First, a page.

If you are lucky enough to come across a large quantity of fresh tuna (even 50 kilograms), then this is a great way to use it. You’ll have a long supply of preserved tuna, and the difference between this and what’s available in tins is like the comparison between fresh and tinned asparagus. It’s life changing!






Skill level

Average: 3.2 (136 votes)


  • blue or yellow-fin tuna, sliced into 10 cm chunks including skin and bones
  • salt
  • good-quality light olive oil
  • garlic cloves, cut into slivers 
  • bay leaves
  • lemons, sliced 
  • red chillies, sliced


Cook's notes

Oven temperatures are for conventional; if using fan-forced (convection), reduce the temperature by 20˚C. | We use Australian tablespoons and cups: 1 teaspoon equals 5 ml; 1 tablespoon equals 20 ml; 1 cup equals 250 ml. | All herbs are fresh (unless specified) and cups are lightly packed. | All vegetables are medium size and peeled, unless specified. | All eggs are 55-60 g, unless specified.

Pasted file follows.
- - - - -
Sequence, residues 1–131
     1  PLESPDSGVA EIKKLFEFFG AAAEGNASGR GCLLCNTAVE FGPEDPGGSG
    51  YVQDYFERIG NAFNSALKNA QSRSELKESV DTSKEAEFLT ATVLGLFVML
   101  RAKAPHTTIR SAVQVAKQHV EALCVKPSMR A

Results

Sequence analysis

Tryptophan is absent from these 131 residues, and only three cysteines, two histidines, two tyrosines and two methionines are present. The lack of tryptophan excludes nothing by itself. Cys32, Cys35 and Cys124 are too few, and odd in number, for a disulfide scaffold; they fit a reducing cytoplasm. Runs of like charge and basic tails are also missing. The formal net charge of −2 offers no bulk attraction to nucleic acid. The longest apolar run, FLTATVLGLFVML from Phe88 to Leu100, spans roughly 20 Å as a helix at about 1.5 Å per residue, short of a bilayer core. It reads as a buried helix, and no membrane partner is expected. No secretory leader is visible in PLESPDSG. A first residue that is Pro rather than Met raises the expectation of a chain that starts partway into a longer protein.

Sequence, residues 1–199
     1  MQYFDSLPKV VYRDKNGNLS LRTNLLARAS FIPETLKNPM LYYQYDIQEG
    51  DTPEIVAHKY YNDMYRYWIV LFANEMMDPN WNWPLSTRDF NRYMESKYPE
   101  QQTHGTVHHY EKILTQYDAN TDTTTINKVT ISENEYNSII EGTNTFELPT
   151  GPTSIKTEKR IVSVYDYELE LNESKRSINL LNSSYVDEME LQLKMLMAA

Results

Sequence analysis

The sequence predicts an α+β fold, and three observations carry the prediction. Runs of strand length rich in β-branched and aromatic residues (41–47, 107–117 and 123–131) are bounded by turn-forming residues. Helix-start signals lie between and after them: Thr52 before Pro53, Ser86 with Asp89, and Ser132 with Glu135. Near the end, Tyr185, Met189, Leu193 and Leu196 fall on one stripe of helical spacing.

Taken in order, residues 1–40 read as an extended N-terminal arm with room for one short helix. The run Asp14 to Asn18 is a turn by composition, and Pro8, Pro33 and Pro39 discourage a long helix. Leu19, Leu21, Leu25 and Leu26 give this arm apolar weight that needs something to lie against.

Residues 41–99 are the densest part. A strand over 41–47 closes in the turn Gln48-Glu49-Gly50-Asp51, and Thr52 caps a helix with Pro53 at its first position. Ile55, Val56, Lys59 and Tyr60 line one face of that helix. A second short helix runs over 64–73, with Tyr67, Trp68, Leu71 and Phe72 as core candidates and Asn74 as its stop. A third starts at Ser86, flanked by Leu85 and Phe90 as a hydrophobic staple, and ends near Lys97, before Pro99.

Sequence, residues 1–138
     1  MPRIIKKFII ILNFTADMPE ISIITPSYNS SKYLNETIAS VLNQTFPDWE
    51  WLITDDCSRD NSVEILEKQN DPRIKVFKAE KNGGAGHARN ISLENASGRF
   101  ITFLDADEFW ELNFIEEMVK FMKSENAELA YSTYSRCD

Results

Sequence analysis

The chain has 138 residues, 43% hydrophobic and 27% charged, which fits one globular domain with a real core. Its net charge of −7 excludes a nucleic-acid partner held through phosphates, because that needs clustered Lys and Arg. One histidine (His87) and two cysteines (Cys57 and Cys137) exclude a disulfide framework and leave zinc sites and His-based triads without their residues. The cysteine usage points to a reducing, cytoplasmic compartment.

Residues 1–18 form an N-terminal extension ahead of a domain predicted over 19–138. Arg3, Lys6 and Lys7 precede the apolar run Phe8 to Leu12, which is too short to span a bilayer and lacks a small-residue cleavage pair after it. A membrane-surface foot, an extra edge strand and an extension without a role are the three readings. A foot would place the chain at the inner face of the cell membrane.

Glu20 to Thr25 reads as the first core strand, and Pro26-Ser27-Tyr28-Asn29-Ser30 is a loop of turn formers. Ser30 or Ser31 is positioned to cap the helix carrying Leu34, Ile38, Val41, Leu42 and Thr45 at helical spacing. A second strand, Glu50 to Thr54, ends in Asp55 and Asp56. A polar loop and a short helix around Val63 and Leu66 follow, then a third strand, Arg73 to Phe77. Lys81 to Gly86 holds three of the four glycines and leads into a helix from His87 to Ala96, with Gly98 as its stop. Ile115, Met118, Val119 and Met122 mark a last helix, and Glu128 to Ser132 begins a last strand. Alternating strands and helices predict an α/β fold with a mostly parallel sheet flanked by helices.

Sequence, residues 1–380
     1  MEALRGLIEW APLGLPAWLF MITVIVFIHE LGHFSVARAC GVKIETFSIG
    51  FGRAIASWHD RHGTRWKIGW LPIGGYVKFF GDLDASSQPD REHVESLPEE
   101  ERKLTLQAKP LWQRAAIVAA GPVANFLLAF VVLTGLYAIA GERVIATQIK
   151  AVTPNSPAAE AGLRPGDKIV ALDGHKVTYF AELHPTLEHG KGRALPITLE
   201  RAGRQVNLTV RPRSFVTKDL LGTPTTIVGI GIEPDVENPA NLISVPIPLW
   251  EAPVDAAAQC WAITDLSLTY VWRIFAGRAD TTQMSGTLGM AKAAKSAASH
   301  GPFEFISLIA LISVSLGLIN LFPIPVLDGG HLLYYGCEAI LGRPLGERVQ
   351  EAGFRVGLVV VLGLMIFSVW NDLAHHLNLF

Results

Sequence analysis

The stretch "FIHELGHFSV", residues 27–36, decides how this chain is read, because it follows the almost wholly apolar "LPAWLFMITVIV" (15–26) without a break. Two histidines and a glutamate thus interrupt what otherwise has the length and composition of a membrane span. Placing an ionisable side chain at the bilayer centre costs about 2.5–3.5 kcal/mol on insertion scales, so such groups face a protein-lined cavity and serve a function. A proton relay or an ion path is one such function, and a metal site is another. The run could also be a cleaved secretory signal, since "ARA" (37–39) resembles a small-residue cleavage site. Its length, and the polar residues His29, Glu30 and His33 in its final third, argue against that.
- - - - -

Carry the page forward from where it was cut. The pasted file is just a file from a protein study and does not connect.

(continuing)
You will need to begin this recipe 1 month ahead.

Weigh the tuna pieces and put into a large pot. For every 1 kg of fish, add 120 g of salt. Cover with water and bring to a simmer. Cook for 3 hours over low heat. This is best done outside on a barbecue so the smell doesn’t take over the house.

Drain the cooked tuna pieces and lay on tea towels. Leave to dry and cool overnight.

The next morning, remove the skin and bones and break the fish into smaller pieces that will fit inside wide-necked jars. Pour a little oil into the base of your jars. Add the pieces of tuna and pack down firmly. Add a few slivers of garlic, slices of lemon, bay leaves and slices of chilli to each jar as desired. Cover the tuna with oil and put the lids on the jars.

To sterilise the jars, stand them in a large pot and fill with water to just beneath the lids. Boil for at least 30 minutes, then leave to cool in the water. Leave for at least 1 month before eating.